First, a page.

Here’s a key point: God’s choosing not to act IS de facto a decision to act in another way. He knows the results of his activity and inactivity. In his foreknowledge, He knows that His choosing NOT to act will have consequences just as much as his choosing TO act. Both are His decisions. Thus, the results are in his sovereign hands.
If you refuse to accept this conclusion, then in order to be theologically consistent, you have to redefine (and thus compromise) omniscience OR omnipotence. Open Theists explicitly deny God knows the future. They admit that foreknowledge necessarily leads to choosing. On the other hand, if you compromise on the meaning of “sovereignty”, then you become more and more like a deist (believing that God created the world like a watchmaker, not actively involved in the world, just letting it run). This is heresy and obviously anti-Biblical. Fortunately most Arminians I know and love live better than their theological principles.
It does not solve the problem to say God looks into the future and “elects” those He foreknows will believe. This completely ignores the fact that those future actions are inevitable responses to what God chooses to do or NOT to do between creation and the time of their choices.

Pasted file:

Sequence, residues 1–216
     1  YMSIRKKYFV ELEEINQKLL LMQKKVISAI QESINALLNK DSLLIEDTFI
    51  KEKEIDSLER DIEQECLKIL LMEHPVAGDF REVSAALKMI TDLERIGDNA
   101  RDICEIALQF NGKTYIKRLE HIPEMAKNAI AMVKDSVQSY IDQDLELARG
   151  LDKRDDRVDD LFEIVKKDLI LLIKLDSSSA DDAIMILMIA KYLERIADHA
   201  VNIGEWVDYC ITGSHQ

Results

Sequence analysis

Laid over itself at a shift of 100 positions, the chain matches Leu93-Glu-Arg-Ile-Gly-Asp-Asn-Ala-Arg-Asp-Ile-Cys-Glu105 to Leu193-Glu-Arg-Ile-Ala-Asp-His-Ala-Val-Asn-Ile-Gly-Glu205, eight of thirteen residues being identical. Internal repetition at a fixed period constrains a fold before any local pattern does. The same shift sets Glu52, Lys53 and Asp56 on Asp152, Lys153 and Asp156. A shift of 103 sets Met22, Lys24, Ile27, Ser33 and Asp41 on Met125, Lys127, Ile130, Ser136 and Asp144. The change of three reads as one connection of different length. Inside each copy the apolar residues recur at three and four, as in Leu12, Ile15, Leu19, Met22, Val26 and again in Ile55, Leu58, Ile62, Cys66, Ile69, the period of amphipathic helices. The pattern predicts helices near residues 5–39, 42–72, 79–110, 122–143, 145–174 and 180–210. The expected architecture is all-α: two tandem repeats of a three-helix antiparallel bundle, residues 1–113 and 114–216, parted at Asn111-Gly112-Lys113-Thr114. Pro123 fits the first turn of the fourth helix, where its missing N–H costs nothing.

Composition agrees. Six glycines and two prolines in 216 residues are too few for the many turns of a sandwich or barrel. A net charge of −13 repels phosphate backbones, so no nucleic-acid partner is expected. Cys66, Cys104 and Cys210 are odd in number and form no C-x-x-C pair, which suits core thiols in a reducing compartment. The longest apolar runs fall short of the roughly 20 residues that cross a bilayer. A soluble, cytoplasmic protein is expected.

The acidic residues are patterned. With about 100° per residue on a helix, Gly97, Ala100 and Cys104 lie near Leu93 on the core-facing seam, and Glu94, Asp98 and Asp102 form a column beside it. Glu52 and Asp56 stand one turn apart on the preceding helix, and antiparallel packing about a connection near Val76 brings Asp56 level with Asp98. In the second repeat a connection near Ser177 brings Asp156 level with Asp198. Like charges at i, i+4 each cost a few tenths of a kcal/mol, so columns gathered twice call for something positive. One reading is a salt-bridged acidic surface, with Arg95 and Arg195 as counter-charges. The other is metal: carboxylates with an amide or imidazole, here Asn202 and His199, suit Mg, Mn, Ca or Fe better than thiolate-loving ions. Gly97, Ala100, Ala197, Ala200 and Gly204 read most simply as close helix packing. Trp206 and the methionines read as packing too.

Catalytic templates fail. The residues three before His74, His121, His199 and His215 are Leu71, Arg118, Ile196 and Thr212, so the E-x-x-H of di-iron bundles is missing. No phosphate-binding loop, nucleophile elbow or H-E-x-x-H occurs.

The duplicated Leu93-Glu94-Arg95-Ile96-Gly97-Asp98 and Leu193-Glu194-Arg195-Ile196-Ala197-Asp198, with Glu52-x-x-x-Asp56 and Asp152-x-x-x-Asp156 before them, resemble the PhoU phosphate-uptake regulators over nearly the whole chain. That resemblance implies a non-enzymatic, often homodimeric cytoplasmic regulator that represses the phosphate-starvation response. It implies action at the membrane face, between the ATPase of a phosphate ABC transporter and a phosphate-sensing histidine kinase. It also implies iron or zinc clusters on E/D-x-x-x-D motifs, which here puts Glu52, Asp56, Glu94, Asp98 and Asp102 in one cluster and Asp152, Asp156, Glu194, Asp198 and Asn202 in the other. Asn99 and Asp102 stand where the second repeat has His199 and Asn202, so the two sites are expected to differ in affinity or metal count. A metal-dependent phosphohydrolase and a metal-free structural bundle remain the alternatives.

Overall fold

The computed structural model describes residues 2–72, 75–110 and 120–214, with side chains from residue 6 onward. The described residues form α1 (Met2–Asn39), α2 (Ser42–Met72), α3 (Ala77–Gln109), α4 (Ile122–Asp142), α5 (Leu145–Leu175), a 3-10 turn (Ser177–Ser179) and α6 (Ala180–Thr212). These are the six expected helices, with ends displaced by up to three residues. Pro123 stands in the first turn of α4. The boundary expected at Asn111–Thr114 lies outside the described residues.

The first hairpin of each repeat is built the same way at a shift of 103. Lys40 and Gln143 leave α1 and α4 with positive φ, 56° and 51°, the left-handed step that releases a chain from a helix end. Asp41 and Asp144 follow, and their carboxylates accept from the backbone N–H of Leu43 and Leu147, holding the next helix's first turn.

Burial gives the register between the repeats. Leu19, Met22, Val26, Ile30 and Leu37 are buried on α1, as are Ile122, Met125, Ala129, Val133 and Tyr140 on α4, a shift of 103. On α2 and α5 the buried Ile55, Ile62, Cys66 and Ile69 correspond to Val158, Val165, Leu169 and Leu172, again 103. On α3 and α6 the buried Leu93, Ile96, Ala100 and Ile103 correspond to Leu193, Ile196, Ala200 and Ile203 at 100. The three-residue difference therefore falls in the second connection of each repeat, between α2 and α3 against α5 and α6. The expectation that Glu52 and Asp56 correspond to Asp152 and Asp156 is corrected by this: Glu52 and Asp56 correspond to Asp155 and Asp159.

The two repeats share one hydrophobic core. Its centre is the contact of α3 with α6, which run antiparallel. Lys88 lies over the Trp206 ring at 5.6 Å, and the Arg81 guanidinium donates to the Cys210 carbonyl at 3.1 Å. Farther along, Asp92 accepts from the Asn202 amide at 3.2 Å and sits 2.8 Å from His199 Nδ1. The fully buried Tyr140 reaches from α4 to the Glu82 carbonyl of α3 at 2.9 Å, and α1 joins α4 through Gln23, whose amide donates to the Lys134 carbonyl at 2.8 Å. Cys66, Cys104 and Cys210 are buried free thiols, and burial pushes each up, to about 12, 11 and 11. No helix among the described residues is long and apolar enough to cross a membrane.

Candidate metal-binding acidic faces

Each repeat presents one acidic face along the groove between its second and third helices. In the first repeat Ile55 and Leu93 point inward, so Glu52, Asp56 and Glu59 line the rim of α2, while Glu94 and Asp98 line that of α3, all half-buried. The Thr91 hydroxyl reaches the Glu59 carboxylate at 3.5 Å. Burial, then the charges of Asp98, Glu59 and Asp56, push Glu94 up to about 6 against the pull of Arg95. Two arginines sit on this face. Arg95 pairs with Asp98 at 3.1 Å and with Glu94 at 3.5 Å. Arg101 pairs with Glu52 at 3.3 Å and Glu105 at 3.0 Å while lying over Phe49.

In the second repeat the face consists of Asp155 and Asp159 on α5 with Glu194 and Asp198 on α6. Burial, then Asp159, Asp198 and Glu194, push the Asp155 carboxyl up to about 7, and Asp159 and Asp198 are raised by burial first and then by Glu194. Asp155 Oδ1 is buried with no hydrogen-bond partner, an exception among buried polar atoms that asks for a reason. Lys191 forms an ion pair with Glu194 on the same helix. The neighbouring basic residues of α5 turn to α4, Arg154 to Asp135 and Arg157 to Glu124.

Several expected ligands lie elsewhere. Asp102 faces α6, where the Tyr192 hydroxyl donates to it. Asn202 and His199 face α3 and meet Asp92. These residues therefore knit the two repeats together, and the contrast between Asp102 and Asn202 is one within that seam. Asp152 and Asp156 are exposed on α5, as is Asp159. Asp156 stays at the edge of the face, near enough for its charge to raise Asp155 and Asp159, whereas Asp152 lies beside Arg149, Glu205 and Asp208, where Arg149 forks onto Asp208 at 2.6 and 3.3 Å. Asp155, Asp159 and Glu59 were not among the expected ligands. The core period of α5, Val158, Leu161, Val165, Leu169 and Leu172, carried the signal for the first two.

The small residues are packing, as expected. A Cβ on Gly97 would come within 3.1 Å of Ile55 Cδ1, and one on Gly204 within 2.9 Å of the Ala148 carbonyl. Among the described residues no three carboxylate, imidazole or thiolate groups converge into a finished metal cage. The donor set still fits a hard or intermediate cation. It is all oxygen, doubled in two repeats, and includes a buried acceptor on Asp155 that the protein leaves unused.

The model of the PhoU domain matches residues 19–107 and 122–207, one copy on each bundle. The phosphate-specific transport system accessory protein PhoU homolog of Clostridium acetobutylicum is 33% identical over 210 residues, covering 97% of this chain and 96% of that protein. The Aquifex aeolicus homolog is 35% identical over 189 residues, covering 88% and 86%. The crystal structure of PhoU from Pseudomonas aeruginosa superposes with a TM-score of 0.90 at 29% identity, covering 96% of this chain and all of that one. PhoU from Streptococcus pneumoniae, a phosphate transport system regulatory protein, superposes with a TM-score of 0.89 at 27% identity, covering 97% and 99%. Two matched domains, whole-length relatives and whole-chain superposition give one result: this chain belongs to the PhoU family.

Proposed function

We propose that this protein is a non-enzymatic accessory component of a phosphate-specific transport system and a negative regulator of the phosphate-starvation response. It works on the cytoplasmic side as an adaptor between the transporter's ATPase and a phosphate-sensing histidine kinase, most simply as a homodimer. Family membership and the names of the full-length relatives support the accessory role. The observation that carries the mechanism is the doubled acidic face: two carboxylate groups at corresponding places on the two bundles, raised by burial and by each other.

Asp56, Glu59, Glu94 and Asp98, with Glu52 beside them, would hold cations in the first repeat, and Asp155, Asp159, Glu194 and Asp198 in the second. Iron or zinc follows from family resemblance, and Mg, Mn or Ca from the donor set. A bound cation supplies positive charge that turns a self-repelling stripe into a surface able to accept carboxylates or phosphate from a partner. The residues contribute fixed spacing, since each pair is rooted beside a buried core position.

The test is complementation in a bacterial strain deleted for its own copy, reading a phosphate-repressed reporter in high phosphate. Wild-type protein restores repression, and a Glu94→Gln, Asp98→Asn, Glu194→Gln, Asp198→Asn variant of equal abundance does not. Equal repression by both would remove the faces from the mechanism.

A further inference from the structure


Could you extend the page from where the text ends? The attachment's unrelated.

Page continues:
Consider the following verses: "Woe to you, Chorazin! Woe to you, Bethsaida! For if the mighty works done in you had been done in Tyre and Sidon, they would have repented long ago, sitting in sackcloth and ashes. But it will be more bearable in the judgment for Tyre and Sidon than for you.” (Luke 10:13-14)
Notice, Jesus knew what would save Tyre and Sidon. However, he didn’t go to them. As a result, they too will be judged. These verses demand our reflection.
If you believe in God’s omniscience and omnipotence, you must inevitably accept God’s sovereignty in individual election.
First of all, “Calvinism” is a poor term that frankly don’t like. For one thing, most Calvinists I know have never read a paragraph of John Calvin. It’s a historical misnomer. People believed in so-called “Calvinism” way before John Calvin. Calvinists believe in the doctrine of election, predestination, and that God is sovereign over hearts; Calvinists do not believe in free will. Arminians do not believe in election and predestination; they do believe in free will. Calvinists believe God elects individuals to be saved. Arminians do not believe God elects individuals (This is a quite over-simplified introduction of terms)